A Gift for Presentation

I wrote a while back about what I do for a living. Electronic discovery is a pretty easy concept to grasp, but it takes years of seeing and stomping through the myriad evolving details to become good at it. What’s more, you really have to be passionate about it to care about it at all, and you really have to take being a geek to unheard of heights to think jokes about it are funny.

Case in point: today, we ran into an issue with a tool that creates load files (a file that guides documents into a databasee) and we figured out that it had been designed to use text and field delimiters – commas and quotation marks – that were also commonly included in the data. It’s not smart. I blurted out, “Pipes and carets!” Which prompted my friend Lori to say, “It sounds like you’re just yelling out random words.” She knew what I meant, but I said I had a case of technological Tourette’s. At random intervals, we both yelled things like “1024!” or “One oh one oh one oh!” for a while.

That’s probably not funny to you unless you’re in my industry. Make enough of those jokes, though, and you stop caring. You embrace your inner nerd. You find humor where it arises because you have to vent the stress of carrying technology solutions to pressurized trial lawyers where you can.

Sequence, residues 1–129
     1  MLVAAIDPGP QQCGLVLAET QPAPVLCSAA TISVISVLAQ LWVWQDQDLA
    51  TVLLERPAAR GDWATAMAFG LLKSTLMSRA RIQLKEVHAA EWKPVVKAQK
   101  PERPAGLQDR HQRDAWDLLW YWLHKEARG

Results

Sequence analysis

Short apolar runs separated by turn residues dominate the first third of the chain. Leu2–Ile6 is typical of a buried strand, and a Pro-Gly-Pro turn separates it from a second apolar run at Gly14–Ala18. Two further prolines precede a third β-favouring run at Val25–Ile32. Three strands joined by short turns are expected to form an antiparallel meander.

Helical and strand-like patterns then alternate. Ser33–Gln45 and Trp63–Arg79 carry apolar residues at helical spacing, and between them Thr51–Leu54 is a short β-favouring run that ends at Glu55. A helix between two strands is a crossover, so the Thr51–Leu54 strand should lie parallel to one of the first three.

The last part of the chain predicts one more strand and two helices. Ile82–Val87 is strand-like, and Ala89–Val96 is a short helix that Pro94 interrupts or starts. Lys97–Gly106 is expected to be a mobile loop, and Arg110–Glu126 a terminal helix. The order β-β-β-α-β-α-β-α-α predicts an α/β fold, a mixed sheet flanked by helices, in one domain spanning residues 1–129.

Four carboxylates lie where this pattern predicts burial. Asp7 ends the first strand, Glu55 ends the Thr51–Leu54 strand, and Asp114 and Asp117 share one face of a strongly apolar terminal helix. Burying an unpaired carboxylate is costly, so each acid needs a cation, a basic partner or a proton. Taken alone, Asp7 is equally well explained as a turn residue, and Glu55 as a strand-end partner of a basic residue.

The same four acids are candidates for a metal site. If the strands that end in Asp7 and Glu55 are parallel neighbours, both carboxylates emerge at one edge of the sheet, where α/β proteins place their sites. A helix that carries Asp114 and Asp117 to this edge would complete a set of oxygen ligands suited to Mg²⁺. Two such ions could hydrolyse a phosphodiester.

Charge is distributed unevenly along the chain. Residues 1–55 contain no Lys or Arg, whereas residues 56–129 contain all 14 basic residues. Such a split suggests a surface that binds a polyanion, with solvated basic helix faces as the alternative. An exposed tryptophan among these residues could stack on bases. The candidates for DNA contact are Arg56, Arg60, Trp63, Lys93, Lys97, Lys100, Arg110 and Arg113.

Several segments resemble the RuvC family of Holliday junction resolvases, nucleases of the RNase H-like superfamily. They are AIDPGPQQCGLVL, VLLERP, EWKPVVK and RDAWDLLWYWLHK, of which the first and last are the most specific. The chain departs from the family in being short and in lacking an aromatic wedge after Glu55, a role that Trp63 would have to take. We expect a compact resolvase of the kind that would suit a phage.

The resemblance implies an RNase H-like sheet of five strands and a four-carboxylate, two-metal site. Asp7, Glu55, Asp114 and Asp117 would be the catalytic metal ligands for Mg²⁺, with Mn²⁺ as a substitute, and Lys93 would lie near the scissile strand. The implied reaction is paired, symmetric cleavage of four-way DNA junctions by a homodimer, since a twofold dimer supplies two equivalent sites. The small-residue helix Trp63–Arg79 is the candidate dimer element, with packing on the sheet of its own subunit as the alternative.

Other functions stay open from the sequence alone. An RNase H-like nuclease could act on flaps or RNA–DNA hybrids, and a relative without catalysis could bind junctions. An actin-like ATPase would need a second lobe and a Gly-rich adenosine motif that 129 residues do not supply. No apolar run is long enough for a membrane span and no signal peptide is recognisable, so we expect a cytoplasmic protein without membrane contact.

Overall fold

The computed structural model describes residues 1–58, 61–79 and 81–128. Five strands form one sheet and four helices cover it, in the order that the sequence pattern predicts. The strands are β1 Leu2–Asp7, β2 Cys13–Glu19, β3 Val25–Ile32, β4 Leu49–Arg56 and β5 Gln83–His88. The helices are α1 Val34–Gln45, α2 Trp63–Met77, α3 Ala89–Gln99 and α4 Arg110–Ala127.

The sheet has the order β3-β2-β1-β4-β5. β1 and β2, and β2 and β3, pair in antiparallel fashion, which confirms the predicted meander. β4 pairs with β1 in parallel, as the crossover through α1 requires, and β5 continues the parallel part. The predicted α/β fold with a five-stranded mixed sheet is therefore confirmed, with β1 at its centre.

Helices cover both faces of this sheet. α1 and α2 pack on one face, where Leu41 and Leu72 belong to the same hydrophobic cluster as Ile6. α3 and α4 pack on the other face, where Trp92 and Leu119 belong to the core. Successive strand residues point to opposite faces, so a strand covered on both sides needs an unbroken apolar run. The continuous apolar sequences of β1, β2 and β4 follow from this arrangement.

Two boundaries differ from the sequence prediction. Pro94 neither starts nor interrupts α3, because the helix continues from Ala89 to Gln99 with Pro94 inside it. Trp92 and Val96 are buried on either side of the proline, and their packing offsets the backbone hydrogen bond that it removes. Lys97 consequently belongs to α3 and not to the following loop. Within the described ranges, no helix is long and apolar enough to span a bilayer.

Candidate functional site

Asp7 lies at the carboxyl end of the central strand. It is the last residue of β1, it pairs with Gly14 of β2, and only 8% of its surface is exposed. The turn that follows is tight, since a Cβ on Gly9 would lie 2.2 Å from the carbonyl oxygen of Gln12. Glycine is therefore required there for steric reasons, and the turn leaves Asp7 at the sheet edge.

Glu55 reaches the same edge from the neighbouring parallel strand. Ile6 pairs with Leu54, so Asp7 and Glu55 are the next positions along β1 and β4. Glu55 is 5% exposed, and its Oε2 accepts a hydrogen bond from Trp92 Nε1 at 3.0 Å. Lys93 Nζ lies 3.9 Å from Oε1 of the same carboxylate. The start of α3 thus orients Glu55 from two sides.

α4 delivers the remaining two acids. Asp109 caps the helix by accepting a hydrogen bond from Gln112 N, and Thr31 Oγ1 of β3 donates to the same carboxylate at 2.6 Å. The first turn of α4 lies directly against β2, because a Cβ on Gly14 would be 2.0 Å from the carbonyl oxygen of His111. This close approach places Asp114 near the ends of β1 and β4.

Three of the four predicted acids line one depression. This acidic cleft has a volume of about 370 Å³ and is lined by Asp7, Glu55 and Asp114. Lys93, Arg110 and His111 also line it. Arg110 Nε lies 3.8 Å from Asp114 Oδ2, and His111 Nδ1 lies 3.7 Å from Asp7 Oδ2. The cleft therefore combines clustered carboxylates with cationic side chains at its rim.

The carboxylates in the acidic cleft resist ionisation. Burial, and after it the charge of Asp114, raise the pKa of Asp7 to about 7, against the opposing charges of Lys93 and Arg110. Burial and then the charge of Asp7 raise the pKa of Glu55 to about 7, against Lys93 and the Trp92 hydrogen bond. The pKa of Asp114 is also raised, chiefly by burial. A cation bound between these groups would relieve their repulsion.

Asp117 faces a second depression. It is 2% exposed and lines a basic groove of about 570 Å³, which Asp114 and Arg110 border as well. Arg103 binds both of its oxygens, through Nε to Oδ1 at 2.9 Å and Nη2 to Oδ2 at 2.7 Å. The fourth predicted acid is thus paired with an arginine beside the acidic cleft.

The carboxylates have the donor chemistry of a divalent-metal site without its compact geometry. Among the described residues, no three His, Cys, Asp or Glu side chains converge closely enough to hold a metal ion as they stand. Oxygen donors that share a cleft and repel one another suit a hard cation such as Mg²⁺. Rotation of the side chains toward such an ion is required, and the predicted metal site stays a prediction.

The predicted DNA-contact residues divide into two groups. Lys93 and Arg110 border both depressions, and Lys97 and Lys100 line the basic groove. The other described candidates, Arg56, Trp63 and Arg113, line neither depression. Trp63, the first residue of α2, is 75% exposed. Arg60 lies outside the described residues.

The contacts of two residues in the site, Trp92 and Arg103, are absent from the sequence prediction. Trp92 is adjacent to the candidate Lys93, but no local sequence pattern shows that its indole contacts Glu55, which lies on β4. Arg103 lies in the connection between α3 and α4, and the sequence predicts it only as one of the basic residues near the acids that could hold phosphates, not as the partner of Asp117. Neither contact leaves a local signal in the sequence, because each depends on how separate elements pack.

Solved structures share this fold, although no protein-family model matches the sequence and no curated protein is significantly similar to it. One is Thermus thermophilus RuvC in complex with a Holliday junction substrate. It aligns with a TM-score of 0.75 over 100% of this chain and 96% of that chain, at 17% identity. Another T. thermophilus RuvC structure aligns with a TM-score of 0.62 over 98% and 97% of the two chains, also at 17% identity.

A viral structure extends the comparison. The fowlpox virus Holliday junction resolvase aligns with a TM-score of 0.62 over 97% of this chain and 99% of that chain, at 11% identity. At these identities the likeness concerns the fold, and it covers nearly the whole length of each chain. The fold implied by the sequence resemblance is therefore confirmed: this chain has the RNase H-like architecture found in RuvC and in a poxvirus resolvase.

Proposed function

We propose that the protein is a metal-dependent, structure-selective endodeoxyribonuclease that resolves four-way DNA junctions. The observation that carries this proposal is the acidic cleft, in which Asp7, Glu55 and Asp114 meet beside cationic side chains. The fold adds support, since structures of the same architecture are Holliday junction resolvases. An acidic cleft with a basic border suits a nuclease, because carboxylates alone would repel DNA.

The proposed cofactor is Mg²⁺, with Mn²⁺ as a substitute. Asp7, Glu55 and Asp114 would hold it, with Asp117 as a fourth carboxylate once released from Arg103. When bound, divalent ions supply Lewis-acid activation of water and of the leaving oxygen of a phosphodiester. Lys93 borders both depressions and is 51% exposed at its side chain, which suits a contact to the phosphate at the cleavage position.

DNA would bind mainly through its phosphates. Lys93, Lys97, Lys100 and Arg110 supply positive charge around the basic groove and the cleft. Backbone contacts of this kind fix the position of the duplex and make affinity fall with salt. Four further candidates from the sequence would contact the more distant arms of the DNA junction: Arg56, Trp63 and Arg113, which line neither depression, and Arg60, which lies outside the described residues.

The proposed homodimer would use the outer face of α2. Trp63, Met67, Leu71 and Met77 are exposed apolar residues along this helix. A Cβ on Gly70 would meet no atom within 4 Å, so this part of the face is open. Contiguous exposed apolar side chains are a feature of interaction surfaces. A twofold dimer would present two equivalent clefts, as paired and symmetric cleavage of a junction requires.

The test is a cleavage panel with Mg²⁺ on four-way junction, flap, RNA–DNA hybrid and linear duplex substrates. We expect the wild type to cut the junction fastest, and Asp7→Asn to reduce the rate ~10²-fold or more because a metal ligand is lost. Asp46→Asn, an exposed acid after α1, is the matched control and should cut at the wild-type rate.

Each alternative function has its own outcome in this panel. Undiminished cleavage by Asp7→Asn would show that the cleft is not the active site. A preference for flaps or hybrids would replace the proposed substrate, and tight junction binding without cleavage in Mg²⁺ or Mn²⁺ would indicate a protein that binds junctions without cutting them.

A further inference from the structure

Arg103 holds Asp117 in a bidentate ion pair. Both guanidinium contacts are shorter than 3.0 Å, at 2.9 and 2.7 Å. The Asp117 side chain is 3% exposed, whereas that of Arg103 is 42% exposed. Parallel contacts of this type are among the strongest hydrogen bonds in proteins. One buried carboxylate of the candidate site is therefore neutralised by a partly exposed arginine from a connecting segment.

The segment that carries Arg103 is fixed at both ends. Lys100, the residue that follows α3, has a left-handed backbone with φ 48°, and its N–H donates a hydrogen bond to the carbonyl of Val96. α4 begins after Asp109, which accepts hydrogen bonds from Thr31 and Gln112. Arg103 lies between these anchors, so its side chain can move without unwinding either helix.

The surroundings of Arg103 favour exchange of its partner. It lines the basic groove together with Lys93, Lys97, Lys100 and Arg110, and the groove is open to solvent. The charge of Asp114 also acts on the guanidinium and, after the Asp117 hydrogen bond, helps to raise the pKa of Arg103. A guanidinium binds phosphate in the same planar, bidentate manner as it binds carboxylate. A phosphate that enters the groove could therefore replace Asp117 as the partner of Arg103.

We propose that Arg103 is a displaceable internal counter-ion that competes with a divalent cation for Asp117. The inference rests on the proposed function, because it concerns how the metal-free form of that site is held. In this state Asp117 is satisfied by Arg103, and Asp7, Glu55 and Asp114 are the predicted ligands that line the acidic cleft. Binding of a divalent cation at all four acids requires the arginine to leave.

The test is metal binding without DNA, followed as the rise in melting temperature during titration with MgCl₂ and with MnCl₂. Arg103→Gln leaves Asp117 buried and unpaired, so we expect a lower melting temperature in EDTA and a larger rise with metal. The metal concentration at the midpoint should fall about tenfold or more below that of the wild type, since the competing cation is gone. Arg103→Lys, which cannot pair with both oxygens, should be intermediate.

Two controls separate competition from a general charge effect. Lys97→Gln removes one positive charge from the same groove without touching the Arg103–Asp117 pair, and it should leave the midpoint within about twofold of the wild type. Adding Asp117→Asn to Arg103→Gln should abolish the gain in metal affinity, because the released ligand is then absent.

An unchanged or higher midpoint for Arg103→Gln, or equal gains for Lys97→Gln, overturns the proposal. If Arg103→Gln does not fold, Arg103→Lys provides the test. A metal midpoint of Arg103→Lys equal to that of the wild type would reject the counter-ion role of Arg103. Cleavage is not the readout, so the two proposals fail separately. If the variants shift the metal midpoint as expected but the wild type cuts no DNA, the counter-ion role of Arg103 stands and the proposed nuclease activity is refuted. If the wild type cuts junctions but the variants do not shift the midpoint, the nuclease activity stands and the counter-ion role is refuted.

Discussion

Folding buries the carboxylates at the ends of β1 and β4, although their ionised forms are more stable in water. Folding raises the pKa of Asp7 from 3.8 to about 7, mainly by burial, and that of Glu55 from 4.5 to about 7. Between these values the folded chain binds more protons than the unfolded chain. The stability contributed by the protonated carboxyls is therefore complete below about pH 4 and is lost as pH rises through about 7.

Which leads me to yesterday’s Lunch & Learn, led by one of the office’s specialists, a guy named Leon. Of the many un-sexy concepts we deal with, up there on the list is search syntax. We have four or five ways of finding terms and concepts within extracted text, and it’s really important to know the difference, but I didn’t expect it to be at all interesting. I was going for the free food.

As it happened, the food was great. Surprisingly, so was the presentation. While everything was getting underway and people were helping themselves to sandwiches, there was a video of the cartoon version of the Pink Panther showing. Leon explained that we were all becoming sleuthes like Inspector Clouseau. He then segued into a visual of Angela Lansbury (of Murder, She Wrote fame, of course).

The next slide was a preview of the presentation, but again, atypical. He flashed up a graphic that looked like the nutritional information on food packaging, except that he’d broken up the good and bad things he was going to cover by carbohydrates, protein, fat and sodium. Daily recommended allowances were weighted as to how much time he intended to spend on them. And he recognized that there were differing skill levels in his audience, acknowledging he’d be covering things that some in the room already knew with, “I apologize if I’m teaching any of you to suck eggs.”

Because if there’s a skill set that some people already have down, it’s … wait, what?